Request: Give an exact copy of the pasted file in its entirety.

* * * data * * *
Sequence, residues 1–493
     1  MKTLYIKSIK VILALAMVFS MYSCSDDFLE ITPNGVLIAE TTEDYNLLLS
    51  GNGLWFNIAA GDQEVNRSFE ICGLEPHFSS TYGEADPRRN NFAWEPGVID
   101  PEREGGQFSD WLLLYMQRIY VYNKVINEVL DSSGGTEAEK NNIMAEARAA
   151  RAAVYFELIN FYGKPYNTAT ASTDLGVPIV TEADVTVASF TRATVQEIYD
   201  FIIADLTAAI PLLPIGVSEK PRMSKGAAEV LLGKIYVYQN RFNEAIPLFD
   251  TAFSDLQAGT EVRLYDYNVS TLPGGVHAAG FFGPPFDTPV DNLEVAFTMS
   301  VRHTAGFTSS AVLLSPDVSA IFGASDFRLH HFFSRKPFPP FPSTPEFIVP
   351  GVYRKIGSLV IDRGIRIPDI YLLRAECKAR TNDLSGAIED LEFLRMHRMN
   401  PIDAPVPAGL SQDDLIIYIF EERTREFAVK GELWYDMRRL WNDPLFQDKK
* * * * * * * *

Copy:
Sequence, residues 1–493
     1  MKTLYIKSIK VILALAMVFS MYSCSDDFLE ITPNGVLIAE TTEDYNLLLS
    51  GNGLWFNIAA GDQEVNRSFE ICGLEPHFSS TYGEADPRRN NFAWEPGVID
   101  PEREGGQFSD WLLLYMQRIY VYNKVINEVL DSSGGTEAEK NNIMAEARAA
   151  RAAVYFELIN FYGKPYNTAT ASTDLGVPIV TEADVTVASF TRATVQEIYD
   201  FIIADLTAAI PLLPIGVSEK PRMSKGAAEV LLGKIYVYQN RFNEAIPLFD
   251  TAFSDLQAGT EVRLYDYNVS TLPGGVHAAG FFGPPFDTPV DNLEVAFTMS
   301  VRHTAGFTSS AVLLSPDVSA IFGASDFRLH HFFSRKPFPP FPSTPEFIVP
   351  GVYRKIGSLV IDRGIRIPDI YLLRAECKAR TNDLSGAIED LEFLRMHRMN
   401  PIDAPVPAGL SQDDLIIYIF EERTREFAVK GELWYDMRRL WNDPLFQDKK